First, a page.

Feature

"The truth is more remarkable than fiction," says iflix originals boss Mark Francis on debut doc special

Southeast Asia streaming platform iflix premieres its first original documentary  on 9 January, expanding an originals strategy that ordinarily prioritises drama and entertainment.

The 51-minute film, Bangkit: 11 Days That Changed a Nation, tracks the 11 days leading up to last year’s momentous general election in Malaysia from the ground up through the eyes of ordinary and not-so-ordinary Malaysians who were there. 

More than 12 million Malaysians voted in the election – the biggest turnout in the nation’s history – that resulted in Malaysia’s first-ever change in government. But the outcome was not by any means a sure thing, with ups, downs, conflicts, delays and tension as the country's two leaders and one-time allies, fought their way to the finish... all of which was captured in the film. 

Among the challenges for iflix was the blanket coverage by news organisations. "Given that the election was so widely covered by both local and international broadcasters, we had to decide what our treatment would be as iflix," iflix’s global director of original programming, Mark Francis, says.

"We made a conscious decision to try to craft a story and present it in a way that felt like viewers were watching a political thriller... we felt we could do that with this story," he says.

"What documentaries can do that news coverage doesn't is switch the point of view... a lot of the news coverage took a bird's eye view. We didn't want to hear from officials. We wanted to relive events from the ground up... we couldn't regurgitate stuff that viewers already know."

About 40% of the film is made up of amateur video that was never seen in mainstream media. "20 minutes of the show came from people's mobile phones... That's what I mean to street-level view," he adds. The video was sourced in a social media outreach. 

The story is told in the present tense with no narrator. “We didn’t want to do a didactic film or to try to deconstruct [events]. For better or worse the results of were the results. What Bangkit is for me is a look at democracy in action told by people who were there without asking “whose side are you on” or “what do you think of their policies”.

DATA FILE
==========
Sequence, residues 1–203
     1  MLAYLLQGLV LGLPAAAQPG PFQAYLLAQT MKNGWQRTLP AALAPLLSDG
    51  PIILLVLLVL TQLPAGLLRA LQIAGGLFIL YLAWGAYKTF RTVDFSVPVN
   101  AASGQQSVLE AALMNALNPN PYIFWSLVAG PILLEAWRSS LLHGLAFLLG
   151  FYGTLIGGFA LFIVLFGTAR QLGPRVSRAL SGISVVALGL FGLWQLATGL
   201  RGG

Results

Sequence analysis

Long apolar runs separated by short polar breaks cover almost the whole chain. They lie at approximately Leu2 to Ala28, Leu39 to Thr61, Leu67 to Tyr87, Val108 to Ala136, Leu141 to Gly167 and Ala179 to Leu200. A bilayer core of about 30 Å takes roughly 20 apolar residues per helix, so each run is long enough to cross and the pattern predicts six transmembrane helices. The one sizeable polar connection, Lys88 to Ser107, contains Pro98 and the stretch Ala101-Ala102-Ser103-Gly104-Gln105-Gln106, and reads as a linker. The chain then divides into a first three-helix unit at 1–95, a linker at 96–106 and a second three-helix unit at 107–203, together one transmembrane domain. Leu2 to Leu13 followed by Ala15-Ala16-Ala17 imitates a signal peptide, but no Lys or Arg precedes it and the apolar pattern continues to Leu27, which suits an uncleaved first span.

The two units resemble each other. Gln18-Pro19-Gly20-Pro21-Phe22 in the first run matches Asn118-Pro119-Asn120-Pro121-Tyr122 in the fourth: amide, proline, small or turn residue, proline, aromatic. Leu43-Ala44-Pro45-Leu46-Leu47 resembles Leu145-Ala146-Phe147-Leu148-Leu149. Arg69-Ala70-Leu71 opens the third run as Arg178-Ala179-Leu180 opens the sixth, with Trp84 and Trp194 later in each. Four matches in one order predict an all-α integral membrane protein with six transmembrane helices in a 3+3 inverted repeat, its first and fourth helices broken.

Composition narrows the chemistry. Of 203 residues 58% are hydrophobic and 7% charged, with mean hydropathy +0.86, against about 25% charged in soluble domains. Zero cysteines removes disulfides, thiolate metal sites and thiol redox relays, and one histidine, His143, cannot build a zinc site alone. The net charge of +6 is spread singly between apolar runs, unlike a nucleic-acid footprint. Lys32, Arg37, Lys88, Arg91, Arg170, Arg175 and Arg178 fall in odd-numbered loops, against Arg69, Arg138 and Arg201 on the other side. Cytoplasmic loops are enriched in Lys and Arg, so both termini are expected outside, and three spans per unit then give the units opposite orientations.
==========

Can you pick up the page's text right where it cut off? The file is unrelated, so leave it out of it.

How do you decide what would constitute the most interesting story beats, or turning points. Again we took a drama treatment to the film rather than a news one. So if it's news then it's about balance and if you have a spokesman from one side, you need one from the other side.

 Francis loves Netflix's notion of "disturbing reality". "I could not agree more," he says.

Factual/documetary has to benchmark itself and has to exist side by side with premium drama. It has to have the qualities of entertaining drama. Not entertainment in a fun sense necessarily but it's got to have a strong emotional core". 

Although iflix/DosFellas took a drama/dramatic approach to the story, the programme is super-careful to take no political positions or make no political comment. Eyewitnesses were asked what happened, then what happened next, and then what did you do, resulting in blow-by-blow accounts that build suspense.

"Bangkit is not commenting on the validity of the results, of the processes," Francis adds. "It's just telling the story of normal people involved in the election."

Among the issues on his mind in greenlighting the show was abundant political apathy, and not only in Malaysia. 

Most importantly in deciding style and approach, Bangkit “has to stand its own against popular mass entertainment drama,” Francis says.

The special was commissioned from Malaysian production house Dosfellas, with director/co-producer Justin Ong.

The addition of documentary is opportunistic rather than a shift in iflix’s original production strategy, and for now there are no plans for additional factual commissions... unless anoather story like the Malaysia election emerges.  

Francis says that from a commissioning perspective he has always been “acutely aware” of the amount of factual programming already in the market.

The May election, Francis says, “was a rare instance of the truth being more remarkable than fiction”.

“I don’t really want to do anything that doesn’t differentiate in an impactful and meaningful way,” he adds.

Are there other documentaries on the iflix originals planner? 

Nothing fixed, he says. 

"We won't commission documentary for the sake of filling factual schedules." As iflix, he doesn't have to. 

 

 A shorter version of this article first appeared in ContentAsia's eNewsletter on 8 January 2019